Food composition of rat groups and intake
Normal pellet (%)
Cholesterol/cholic acid (%)
Palm oil (%)
Food intake (Kcal/kg/day)
Initial weight (g)
Final weight (g)
215.5 ± 33.5a
260.4 ± 10.7a
384 ± 22.9a
High fat diet
215.0 ± 37.5a
262.6 ± 17.7a
395.2 ± 16.8a
High fat diet + Simvastatin
Simvastatin (10 mg/kg)
215.7 ± 36.6a
267.7 ± 21a
375.7 ± 53.4a
High fat diet + 20 % EBN
20 % EBN
216.1 ± 36.8a
261.7 ± 15.4a
380.7 ± 25.6a
High fat diet + 2.5 % EBN
2.5 % EBN
216.5 ± 35.8a
257 ± 20.1a
368 ± 29.3a
Liver Thiobarbituric acid reactive species (TBARS)
Liver tissue TBARS was measured as reported previously with some modifications . Briefly, liver tissue (80 mg) was homogenized in 250 uL of 0.25Hcl and mixed with 250 uL of 0.375 % thiobarbituric acid and 250 uL of 15 % tricholoroacetic acid. Then, the mixture was incubated at 100 °C for 10 min and cooled before centrifuging at 3000 rpm for 15 min. Finally, absorbance of 100 uL of each sample and standard (TMP) were measured on BioTeK Synergy H1 Hybrid Reader (BioTek Instruments Inc., Winooski, VT, USA) at 532 nm, and the results expressed as uM MDA/mg tissue.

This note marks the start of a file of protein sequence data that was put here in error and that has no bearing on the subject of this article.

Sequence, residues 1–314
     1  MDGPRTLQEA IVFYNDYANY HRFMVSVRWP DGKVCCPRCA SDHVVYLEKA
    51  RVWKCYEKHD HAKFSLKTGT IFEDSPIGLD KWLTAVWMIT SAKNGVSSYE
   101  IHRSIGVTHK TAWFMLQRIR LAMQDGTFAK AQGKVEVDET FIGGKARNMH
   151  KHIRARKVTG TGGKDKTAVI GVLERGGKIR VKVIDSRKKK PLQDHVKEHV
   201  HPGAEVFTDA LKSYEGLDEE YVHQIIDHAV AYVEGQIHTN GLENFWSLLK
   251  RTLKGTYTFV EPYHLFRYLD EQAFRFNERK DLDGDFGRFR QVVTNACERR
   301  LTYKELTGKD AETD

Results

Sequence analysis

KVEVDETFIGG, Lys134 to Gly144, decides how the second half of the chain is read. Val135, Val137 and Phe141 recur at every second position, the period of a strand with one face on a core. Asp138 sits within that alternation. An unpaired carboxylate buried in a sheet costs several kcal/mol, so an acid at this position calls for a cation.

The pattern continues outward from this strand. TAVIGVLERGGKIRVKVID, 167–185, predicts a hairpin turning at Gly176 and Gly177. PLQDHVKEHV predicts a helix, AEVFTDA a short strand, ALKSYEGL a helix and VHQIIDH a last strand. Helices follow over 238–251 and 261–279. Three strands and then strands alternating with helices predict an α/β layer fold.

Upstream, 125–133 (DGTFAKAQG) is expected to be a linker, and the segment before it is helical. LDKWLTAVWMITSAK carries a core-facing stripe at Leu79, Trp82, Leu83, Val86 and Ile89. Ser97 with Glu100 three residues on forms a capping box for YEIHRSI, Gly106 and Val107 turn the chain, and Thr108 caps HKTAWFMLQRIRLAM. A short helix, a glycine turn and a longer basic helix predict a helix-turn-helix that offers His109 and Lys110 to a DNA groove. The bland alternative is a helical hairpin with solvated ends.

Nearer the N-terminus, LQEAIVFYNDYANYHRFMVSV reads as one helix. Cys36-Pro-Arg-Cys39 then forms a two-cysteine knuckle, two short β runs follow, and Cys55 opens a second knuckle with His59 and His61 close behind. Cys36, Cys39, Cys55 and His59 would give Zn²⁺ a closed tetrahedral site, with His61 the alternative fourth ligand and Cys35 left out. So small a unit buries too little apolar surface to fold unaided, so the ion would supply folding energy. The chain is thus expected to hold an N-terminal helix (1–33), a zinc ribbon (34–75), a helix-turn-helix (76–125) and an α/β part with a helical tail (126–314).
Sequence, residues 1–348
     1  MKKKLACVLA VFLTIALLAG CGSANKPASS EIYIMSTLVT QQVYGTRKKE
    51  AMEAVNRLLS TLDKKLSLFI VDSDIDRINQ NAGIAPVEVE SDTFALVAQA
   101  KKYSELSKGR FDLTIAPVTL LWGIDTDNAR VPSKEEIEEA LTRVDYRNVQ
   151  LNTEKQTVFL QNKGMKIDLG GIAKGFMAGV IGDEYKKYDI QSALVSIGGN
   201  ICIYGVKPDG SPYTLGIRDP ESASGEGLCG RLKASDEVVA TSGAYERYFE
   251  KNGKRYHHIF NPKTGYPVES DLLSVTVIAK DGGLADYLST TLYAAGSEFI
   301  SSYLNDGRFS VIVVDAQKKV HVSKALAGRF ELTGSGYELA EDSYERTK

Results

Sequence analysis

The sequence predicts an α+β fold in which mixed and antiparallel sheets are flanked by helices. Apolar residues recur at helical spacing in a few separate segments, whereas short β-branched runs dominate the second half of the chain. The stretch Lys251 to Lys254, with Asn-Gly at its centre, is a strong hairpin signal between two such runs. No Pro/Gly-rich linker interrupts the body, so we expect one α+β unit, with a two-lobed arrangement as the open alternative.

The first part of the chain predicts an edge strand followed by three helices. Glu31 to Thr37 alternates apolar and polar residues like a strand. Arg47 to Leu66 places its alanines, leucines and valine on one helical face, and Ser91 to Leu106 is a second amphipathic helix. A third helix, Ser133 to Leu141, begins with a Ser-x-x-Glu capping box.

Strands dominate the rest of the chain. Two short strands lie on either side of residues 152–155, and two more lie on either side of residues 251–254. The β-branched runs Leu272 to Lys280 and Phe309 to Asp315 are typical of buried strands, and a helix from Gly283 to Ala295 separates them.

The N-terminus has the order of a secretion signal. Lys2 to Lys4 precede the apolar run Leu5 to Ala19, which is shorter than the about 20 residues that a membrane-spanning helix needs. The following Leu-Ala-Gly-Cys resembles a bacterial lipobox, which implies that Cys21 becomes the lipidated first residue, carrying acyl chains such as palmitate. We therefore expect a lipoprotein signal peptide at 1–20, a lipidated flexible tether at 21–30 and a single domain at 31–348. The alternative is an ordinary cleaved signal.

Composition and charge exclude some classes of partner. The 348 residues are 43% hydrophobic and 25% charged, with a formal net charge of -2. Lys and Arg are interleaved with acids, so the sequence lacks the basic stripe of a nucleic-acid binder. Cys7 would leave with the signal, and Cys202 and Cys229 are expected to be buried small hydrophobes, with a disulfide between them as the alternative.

Serum total Antioxidant status
ABTS radical scavenging activity was used as a marker of total antioxidant status . Briefly, 6.62 mg of potassium persulphate, K2S2O8 was dissolved in 10 mL of distilled water to prepare a solution of 2.45 mM. Then, 7 mM ABTS was prepared by dissolving 38.4 mg in 10 mL distilled water. The two solutions were mixed and incubated in the dark for 16 h prior to use, and diluted with distilled water until a spectrophotometric absorbance of 0.700 ± 0.005 at 735 nm was obtained. Serum samples (100 μL) were reacted with 900 μL of the diluted ABTS solution and vortexed. The absorbance was read at 734 nm. ABTS radical cation scavenging activity was calculated as the percentage reduction in absorbance.